May 23, 2014 § Leave a comment
Today the rain came back. The weather has been so fine in Seattle this spring. When the sun shines my productivity slows to a crawl and I am swollen with gratitude that I don’t have to be indoors. Perhaps I ought to be indoors, but I lack the willpower to plant myself in front of a computer or a stove when it’s 70 degrees outside, and the birds are chirping, and it’s still sunny for hours after dinner. Our cupboards have become bare, because how on earth could I have spent any of those precious sunny minutes in a grocery store? Children, eat this leftover macaroni and cheese and these adorable petit peas from our freezer and then let’s go outside. Yes, you can have a popsicle.
But now it is raining and I will spend this day indoors. I have had a hunk of pork shoulder in my fridge for a few days that I kept meaning to roast but, you know, I was distracted. The sun was shining. This morning I realized that this roast was destined to become shreddy, tangy pulled pork. A dinner that will evoke the sunny days of the past week, but would never have been possible without today’s rain. « Read the rest of this entry »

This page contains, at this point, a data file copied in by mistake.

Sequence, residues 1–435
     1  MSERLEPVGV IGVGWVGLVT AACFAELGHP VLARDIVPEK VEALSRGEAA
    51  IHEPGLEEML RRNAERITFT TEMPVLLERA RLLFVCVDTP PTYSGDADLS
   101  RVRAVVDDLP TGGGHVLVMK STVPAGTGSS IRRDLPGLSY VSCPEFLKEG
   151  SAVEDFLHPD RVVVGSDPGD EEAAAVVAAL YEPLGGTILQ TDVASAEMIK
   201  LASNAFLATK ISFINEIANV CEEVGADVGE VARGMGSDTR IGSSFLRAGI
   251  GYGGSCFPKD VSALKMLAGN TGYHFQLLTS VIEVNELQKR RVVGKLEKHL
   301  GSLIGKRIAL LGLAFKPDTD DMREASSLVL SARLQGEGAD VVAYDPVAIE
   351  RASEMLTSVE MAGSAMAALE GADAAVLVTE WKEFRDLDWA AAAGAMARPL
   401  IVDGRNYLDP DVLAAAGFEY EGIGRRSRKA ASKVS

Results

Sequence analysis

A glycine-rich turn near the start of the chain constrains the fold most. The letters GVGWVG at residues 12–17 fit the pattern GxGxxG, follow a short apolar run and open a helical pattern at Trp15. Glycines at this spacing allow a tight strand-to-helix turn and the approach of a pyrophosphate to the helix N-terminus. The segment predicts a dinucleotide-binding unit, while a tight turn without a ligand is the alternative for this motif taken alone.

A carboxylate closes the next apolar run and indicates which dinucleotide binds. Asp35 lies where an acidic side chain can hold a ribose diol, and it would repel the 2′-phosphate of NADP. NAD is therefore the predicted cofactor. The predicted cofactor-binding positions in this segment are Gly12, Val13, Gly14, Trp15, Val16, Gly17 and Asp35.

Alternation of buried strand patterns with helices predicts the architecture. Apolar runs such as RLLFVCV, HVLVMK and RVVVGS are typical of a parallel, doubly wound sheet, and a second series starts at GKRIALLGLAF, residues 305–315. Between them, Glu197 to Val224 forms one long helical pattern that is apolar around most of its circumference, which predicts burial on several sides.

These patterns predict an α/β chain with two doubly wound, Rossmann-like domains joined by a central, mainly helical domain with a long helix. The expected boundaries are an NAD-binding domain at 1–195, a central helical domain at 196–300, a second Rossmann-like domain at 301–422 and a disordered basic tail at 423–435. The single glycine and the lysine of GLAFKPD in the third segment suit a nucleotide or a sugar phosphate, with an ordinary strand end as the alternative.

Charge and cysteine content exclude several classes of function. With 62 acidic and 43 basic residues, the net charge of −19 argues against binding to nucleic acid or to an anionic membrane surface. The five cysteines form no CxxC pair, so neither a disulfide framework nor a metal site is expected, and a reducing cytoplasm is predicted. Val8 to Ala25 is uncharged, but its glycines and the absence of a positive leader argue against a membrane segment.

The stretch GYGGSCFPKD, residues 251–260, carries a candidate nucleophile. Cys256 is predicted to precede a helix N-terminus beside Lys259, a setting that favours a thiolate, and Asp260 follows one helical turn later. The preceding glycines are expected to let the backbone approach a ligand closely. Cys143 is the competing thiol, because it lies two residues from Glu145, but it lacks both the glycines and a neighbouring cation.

May 5, 2014 § 1 Comment
I wonder if I would get so excited about rhubarb if its season was in August, if it had to compete with luscious tomatoes and sweet, meaty melons? It’s a much tougher sell than those later season jewels. For one thing, you have to cook it. And it’s tart as heck, so you have to dose it with sugar. The leaves are poisonous, so those need to be tossed away. As I write, I’m beginning to wonder who even considered rhubarb as an ingredient in the first place? It must have been a cook long long ago who had endured a horrible winter … When the spring thaw finally came that cook spied bright pink stalks radiating from the soil. She was drawn to the rosy glow of the rhubarb plant and nibbled a leaf. It tasted horrible and she felt ill. Looking around for something else fresh to pick, she saw absolutely no other options. So, she returned to the rhubarb and broke off a stalk and chewed on it. It was awful – tart and astringent. Desperate for any fresh produce that wasn’t kale she brought the rhubarb into her kitchen, took down her sack of sugar and went to work… « Read the rest of this entry »